It was frightening, knowing it was still there. But there was a difference this time: I'm self-aware enough to know what's happening. I've been through this enough times, and been through enough therapy (hundreds of hours), that I can categorize what I'm feeling. The fear at the email was, I knew, based on previous experiences with unscrupulous and incompetent administrators, of whom I've had more than my share. But that's not who I work for now, and in fact, the meeting with the principal was exactly what he'd promised in the email: supportive, problem-solving, looking for ways to address particular students who are proving challenging throughout the school. The delayed stress of the weekend gradually dissipated once I'd acknowledged its residual effects. I worked out, embraced the people I love, reached out, poured myself into teaching, and overall, despite coming down with my first cold of the school year, had a great week.
There was a time when I wanted very much to banish the demon forever. There was another time when, caught up in the thrill of first love, I thought I'd done just that. Over time, I came to understand that this demon is a part of who I am. I don't know where it came from, though all that time on therapists' couches has identified some strong possibilities. I do know that without it, I would not be a whole person. Of all the reasons I said "no" to pharmaceuticals, that is the most significant. In Jungian terms, this is my shadow. For me to really enjoy the highpoints of my life, I have to also have the capacity for despair.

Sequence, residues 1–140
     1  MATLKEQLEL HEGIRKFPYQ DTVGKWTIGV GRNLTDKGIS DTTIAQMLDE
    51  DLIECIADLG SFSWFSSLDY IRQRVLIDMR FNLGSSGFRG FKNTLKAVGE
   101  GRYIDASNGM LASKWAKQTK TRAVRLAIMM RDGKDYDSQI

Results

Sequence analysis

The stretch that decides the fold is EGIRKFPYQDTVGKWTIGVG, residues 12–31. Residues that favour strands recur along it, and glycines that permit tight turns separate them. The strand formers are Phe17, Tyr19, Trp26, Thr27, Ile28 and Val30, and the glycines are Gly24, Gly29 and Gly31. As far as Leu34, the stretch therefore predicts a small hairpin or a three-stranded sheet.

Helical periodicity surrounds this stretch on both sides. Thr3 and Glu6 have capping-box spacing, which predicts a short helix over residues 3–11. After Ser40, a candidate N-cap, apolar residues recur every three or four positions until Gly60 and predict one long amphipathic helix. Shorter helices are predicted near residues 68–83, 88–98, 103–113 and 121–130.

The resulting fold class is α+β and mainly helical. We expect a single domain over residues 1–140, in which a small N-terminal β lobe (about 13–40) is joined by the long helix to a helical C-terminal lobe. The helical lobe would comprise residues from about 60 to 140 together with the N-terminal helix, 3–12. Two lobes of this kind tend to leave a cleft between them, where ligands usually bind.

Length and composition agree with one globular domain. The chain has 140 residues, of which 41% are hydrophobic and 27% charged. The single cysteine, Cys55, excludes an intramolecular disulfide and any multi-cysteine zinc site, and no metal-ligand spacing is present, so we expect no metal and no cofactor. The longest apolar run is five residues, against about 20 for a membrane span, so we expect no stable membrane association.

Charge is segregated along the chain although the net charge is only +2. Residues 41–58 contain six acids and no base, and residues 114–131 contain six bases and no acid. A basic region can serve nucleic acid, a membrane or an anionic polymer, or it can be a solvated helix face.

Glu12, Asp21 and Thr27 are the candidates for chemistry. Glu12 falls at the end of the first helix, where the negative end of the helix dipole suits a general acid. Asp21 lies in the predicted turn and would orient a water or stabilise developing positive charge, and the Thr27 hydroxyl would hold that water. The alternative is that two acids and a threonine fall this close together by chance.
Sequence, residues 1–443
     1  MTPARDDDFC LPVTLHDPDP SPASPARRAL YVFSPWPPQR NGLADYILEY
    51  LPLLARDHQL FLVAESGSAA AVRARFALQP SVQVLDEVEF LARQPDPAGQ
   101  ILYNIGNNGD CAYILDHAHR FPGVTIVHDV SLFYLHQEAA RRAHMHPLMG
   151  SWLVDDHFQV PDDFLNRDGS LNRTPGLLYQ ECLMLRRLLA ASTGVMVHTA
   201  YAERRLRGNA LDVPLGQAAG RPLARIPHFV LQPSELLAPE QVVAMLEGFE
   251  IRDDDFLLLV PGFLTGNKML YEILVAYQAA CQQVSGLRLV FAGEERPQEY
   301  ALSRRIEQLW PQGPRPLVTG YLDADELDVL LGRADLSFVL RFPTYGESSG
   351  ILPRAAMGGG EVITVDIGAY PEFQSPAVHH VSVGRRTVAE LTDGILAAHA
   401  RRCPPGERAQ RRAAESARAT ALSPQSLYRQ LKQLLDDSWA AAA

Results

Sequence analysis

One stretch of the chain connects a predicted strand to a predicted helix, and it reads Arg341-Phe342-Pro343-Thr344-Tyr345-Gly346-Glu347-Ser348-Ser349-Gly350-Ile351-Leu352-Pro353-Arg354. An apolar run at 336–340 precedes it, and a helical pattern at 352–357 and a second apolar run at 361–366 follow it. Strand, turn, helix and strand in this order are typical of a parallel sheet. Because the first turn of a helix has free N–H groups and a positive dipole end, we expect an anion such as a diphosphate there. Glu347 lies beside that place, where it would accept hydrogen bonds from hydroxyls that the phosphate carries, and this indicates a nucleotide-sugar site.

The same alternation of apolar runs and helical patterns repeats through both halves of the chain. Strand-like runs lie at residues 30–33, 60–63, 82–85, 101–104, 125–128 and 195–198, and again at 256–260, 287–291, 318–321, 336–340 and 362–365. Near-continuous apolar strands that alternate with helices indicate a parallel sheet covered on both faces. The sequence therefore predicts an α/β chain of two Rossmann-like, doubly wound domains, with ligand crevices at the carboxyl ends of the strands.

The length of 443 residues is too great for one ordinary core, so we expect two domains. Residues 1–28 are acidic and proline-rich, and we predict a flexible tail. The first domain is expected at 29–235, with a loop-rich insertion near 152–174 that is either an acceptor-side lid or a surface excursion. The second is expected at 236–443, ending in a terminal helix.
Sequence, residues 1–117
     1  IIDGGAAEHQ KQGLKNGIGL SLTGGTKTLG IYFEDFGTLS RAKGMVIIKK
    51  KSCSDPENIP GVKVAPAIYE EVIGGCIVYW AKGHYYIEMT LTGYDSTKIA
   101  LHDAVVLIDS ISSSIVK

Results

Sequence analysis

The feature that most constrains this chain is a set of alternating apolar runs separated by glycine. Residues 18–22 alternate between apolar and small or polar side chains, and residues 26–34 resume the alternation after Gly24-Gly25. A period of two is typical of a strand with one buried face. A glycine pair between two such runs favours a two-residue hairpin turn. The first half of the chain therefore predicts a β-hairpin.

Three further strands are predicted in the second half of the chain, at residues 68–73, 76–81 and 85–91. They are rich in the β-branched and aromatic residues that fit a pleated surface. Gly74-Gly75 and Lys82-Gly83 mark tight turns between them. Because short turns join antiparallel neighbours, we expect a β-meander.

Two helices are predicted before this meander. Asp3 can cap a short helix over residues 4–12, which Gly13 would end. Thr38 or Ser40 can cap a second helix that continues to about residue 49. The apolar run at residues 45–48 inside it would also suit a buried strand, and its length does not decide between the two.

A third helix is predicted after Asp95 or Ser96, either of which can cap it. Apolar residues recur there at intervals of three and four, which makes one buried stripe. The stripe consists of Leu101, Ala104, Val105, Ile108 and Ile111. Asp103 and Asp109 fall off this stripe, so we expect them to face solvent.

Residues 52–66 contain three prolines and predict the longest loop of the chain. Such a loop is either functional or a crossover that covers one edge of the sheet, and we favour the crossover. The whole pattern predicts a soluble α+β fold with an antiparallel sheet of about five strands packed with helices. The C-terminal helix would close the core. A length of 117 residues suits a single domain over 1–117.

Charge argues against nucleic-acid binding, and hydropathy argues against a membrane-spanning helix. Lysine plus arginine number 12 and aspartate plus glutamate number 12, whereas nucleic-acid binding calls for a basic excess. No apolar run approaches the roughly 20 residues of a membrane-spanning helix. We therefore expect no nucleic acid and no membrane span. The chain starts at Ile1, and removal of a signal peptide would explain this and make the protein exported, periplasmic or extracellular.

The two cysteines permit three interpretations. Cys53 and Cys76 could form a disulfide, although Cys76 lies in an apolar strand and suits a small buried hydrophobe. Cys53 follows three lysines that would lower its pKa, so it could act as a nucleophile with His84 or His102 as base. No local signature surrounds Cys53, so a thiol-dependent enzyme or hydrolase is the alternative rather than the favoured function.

What's different now--in this is as medlife meditative as it can get--is what experience has taught me over the course of my 56 years: first, just because a situation feels like a previous trauma doesn't mean it is that trauma; and second, and more important, allowing myself to feel sadness and fear does not mean letting them control me.
I'm not going to say I tamed the demon. No, it's more like the story from Kazantzakis's autobiography I've heard in so many sermons of the monk who wrestled with the devil while young, until he and the devil grew old and tired of wrestling with each other. I imagine myself in retirement, sitting in a rocker on the porch of whatever small, sensible home Amy and I downsize to, sensing that the demon across the porch from me in its own rocker. We acknowledge each other's presence with a nod, find we have little left to argue about, and go back to enjoying the sounds of children playing next door, working a crossword puzzle on our smartphones, sipping a Flemish sour beer, savoring the sense of the struggle completed once and for all.